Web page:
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BMW 3-Series (E90 E92) Forum > E90 / E92 / E93 3-series Technical Forums > DIY Guides > E90 N52 Engine Coolant Change



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      05-25-2013, 09:45 PM   #111
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Much thanks for the DIY tut. Finished doing this on my car today.. Those damn hoses were a pita to remove but did it with joy.

TIP: To help not to drain your battery too fast when doing the bleeding process. Turn off DRLs in cluster. Turn radio off. Turn interior lights of permanently by holding front center dome light butto n for 5 secs. This will disable even the leds in the door handle.

Good Luck.
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      10-05-2013, 03:29 PM   #112
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Thank you op very good directions. It made the coolant change a breeze.
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      02-05-2014, 05:46 PM   #113
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Anyone aware of a similar DIY for the N57 330D? I have not been able to find one. It has a different water pump (belt driven I think) and the thermostat housing is completely different.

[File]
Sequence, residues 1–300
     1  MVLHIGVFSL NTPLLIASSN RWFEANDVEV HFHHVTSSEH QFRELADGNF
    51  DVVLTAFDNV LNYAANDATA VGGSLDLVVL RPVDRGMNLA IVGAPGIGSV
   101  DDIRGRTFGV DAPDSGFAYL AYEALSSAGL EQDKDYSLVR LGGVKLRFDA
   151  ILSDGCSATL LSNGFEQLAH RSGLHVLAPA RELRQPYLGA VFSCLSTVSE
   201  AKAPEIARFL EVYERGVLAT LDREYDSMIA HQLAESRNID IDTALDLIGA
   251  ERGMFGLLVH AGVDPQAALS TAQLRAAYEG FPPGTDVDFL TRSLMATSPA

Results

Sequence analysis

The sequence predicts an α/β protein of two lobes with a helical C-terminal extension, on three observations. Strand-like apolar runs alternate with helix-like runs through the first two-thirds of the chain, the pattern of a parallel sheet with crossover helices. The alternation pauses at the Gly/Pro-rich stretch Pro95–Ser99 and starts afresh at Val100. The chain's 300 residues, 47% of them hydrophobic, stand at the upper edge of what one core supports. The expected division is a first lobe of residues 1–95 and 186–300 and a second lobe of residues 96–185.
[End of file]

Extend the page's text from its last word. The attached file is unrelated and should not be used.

http://www.realoem.com/bmw/showparts...66&hg=11&fg=35
How do you bleed the system of a non-electric water pump ?
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      02-22-2014, 01:14 PM   #114
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I tried venting several times, but the pump seems to always stop in a few minutes, not 12. I have a battery charger attached.

TIS says to:

"Switch on the low-beam headlights to perform the bleeding procedure. If the low-beam headlights are not switched on, the ignition (terminal 15) will switch off automatically after a certain period of time and interrupt the bleeding procedure."

I did that too, but still the same thing - pump seems to stop after a short time.
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      02-22-2014, 01:46 PM   #115
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Quote:
Originally Posted by dylim View Post
I tried venting several times, but the pump seems to always stop in a few minutes, not 12. I have a battery charger attached.

TIS says to:

"Switch on the low-beam headlights to perform the bleeding procedure. If the low-beam headlights are not switched on, the ignition (terminal 15) will switch off automatically after a certain period of time and interrupt the bleeding procedure."

I did that too, but still the same thing - pump seems to stop after a short time.